Aloha from the beautiful island of Maui! On Monday, we had the great pleasure of visiting O’o Farms located on the slopes of Haleakala in what is referred to as upcountry Maui. The farm is located in the little town of Kula, just off of the main road and the property overlooks the valley and ocean. O’o Farm is the only true farm-to-table operation on the island and for a nominal fee, one can visit the farm and learn about their coffee, vegetables and even pick the greens to be served for lunch! It’s a nice way to spend the day in the cool, misty outdoors and an unexpected pleasure to experience fine dining in a unique island setting. Below are some images from our visit that I hope you enjoy. Mahalo for visiting and a hui ho!
Let ‘er buck! That’s the phrase that rings throughout the small town of Pendleton, Oregon during the second full week of September where over 50,000 people descend to watch or participate in the Pendleton Round Up Rodeo. This rodeo is unique in that since its inception in 1910 it has included a large Native American presence. Over 300 tee pees are set up on the rodeo grounds where members of the Confederated Tribes of the Umatilla gather to visit with one another and participate in displays of their culture. One of my favorite events was the Indian Relay race where members of several tribes compete in a bareback horse race around the track. It’s mind blowing to think that these athletes are able to ride at tremendous speed without the need for saddles, spurs or any of the other trappings of horse racing to which I am accustomed. On the Saturday morning of the big rodeo weekend, the tribes invite the public to come down to the grass field of the stadium and watch as the tribal dance competitions take place. There is drumming, singing and dancing where contestants are divided up by age and gender, then judged on their dancing skills. Below are some of my favorite images from the 4 days that I covered just last weekend. Enjoy and let ‘er buck!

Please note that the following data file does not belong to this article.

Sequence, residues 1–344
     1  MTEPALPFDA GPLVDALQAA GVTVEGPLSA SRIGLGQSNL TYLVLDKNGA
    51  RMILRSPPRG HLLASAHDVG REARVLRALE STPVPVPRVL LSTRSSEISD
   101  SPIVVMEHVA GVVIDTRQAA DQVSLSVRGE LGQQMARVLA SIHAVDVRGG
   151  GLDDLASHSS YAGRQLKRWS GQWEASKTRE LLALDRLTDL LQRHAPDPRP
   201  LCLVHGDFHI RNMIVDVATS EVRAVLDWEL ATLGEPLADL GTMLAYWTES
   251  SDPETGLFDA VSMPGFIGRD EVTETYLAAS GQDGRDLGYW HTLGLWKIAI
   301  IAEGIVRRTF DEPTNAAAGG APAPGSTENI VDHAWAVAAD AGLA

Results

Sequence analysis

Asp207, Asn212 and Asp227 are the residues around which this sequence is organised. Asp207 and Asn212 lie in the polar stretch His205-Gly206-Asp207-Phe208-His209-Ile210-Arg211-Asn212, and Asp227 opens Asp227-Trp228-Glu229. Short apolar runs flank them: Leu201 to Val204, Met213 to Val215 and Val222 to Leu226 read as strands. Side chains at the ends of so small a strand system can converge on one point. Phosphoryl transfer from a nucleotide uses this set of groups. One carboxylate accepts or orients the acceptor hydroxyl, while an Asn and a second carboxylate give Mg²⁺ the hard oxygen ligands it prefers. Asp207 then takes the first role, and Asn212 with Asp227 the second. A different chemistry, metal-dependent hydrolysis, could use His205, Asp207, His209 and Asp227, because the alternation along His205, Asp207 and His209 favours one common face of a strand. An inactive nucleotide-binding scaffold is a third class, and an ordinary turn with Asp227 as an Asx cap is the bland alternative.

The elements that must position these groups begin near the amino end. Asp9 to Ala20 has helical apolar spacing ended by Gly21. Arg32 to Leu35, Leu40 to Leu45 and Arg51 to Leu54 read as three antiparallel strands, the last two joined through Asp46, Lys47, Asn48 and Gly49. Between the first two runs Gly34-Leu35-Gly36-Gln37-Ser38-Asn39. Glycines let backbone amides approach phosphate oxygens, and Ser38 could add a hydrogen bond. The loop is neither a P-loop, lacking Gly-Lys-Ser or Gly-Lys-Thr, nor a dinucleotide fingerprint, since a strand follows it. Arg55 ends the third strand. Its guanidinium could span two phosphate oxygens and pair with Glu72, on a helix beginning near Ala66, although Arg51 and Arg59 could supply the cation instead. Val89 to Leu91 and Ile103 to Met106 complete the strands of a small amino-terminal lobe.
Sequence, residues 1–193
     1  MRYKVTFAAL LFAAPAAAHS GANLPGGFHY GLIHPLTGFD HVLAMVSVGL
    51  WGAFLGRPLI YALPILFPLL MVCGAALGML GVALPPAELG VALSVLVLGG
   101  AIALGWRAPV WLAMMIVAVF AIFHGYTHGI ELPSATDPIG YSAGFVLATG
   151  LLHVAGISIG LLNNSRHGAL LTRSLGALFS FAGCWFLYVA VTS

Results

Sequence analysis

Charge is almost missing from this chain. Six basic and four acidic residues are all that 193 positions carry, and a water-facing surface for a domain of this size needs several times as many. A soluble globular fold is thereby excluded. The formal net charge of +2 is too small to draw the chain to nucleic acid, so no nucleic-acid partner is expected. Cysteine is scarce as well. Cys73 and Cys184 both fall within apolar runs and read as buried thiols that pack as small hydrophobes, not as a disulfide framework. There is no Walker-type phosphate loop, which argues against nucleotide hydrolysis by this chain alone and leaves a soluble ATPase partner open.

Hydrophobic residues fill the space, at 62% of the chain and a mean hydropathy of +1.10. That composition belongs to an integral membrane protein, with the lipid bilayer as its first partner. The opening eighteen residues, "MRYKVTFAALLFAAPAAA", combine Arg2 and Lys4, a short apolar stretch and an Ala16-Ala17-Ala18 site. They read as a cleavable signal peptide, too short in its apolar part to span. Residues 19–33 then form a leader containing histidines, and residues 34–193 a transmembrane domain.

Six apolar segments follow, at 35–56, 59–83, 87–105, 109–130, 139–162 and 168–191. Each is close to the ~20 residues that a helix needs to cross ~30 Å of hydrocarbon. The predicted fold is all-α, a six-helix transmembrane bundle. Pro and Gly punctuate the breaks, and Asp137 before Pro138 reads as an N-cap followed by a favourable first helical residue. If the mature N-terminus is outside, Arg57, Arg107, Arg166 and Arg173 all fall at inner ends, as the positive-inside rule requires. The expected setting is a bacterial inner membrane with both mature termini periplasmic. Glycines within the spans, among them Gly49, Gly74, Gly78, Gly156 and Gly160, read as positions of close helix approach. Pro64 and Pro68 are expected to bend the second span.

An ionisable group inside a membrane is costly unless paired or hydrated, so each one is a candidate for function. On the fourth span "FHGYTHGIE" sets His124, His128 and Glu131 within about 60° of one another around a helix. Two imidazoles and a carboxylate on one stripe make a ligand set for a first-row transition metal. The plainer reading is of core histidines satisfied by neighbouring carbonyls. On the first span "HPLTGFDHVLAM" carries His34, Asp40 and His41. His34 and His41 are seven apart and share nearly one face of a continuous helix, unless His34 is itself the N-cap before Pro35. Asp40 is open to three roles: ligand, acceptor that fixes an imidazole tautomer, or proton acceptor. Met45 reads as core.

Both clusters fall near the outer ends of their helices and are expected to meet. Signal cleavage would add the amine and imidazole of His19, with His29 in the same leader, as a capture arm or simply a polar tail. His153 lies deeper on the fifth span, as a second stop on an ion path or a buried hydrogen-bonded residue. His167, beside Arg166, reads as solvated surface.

Pendleton has long been known for the Round Up, a rodeo that has been drawing thousands since its inception in 1910. The city as a travel destination unto itself is a relatively new phenomenon. Situated about 3 hours east of Portland in the high desert, Pendleton is a classic Western town. One of the biggest draws is to visit the Pendleton Woolen Mills. Now, you can sample craft beer, order custom cowboy boots, shop the antique stores, have a great steak dinner in a beautiful, Western themed restaurant and visit a contemporary art space. I recently had the chance to spend some time there photographing a story about some of the city’s craftsmen. Below are a few of my favorite pictures from the shoot. Check out the story online at TravelOregon.com.
Eugene, Oregon hosted the 2016 Olympic Team trials for track and field this past June and we were there to photograph coach and former Olympic competitor Dan Browne for USAA. Part of the U.S. Army’s World Class Athlete Program, Major Browne coached three runners into the games in Rio this year. We had a very short time to spend with him, but enjoyed having an opportunity to feel part of the excitement of the games. Below are a few images from behind the scenes. One of the athletes he coaches runs tomorrow in the men’s 5000 Meter. We wish Paul Chelimo the best!